In the second chapter (“Realism”), Wagstaff walks us through the exercise of investigating film as an object and determining the tools with which to study it, in order to justify his aesthetic approach. The chapter thus addresses the questions, W“what is a film, what determines that a ‘thing’ belongs in the category of the aesthetic, and what kind of aesthetic artefact is a film? How does a film make reference to the real world, and what notions of ‘reality’ govern what a neorealist filmmaker makes reference to? What do we understand by the notion of ‘narrative,,’ what is the referent of a narrative, and are there features that characterize neorealist narratives? How do rhetorical notions help us to characterize features of an Italian neorealist fil?m” (p. 41.)? This is, to my mind, Wagstaff’s most interesting chapter for the admirable agility with which he wields concepts and terms. More than the simple intellectual spadework necessary to prepare the garden to come, this section also contains several highly engaging discussions, such as the one on the kinship between Neorealism and melodrama, or a marvelous illustration of the distinction between types and tokens, involving a Martian and Michelangelo.
After these first two chapters, the stage is set for individual readings of three films. The centerpiece of the volume consists of lengthy chapters on, respectively, Roma città aperta (1945), Paisà (1946), and Ladri di biciclette (1948). It is in these chapters that the wind-up of the book’s initial chapters converts into pitch, for these are chapters in which Wagstaff’s argument is made indisputably by the steady accretion of facts (not observations, which are contestable, Wagstaff notes, but facts like shot lengths). These are chapters in which God is very much in the details--to the extent that there are no fewer than twenty-seven appendices. Let me reiterate, however, that this is not a book of actuarial tables but rather a cogent and innovative look at material that, of late, had almost lost the ability to surprise.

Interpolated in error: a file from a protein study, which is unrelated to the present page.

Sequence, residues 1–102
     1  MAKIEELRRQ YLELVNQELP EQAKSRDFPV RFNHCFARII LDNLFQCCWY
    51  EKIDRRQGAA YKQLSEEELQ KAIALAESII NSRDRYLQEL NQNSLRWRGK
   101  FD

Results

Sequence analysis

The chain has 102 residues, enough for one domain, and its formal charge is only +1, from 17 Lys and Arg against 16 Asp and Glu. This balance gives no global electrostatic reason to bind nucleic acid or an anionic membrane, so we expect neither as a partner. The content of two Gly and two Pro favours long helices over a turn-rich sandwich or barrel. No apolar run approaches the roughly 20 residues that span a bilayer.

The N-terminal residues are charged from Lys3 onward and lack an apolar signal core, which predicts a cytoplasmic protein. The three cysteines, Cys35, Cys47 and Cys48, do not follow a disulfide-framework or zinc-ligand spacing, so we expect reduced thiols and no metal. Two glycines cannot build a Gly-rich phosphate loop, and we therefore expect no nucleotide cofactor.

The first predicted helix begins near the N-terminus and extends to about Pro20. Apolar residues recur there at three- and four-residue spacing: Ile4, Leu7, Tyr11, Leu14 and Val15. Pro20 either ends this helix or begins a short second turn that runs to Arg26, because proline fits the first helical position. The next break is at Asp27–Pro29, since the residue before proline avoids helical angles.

Wagstaff offers painstakingly meticulous analysis in these chaptersof concerning empirical aspects of the films as varied as economic data on ticket sales; production arrangements and costs; length and scale of shots; and comparisons of directors of photography, the films’ overall structures, and the influence of the theater on their narrative organization. Though his analysis (to which I cannot do justice in this limited space) is specific to these three films, the methodology is more broadly applicable, and the result is a tidal wave of evidence in the service of the argument that these films are not best read, as they have been, exclusively for some content from which their social critique derives, but also as entities whose social critique is contingent upon its ability to “enact what the aesthetics of cinema could be” (p. 397). The appendices provide empirical data and are welcome syntheses of some of the chapters’ analytical underpinnings. Wagstaff also includes two pithy summaries of the historical context in which Neorealism was born and of conventional critical approaches to Neorealism. There are also some brief concluding remarks and an eighteen-page bibliography. In short, Italian Neorealist Cinema: An Aesthetic Approachconstitutes an enormously important new contribution to our understanding of these films and is necessary reading for students and scholars of Italian cinema.
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Elizabeth Leake. Review of Wagstaff, Christopher, Italian Neorealist Cinema: An Aesthetic Approach.
H-Italy, H-Net Reviews.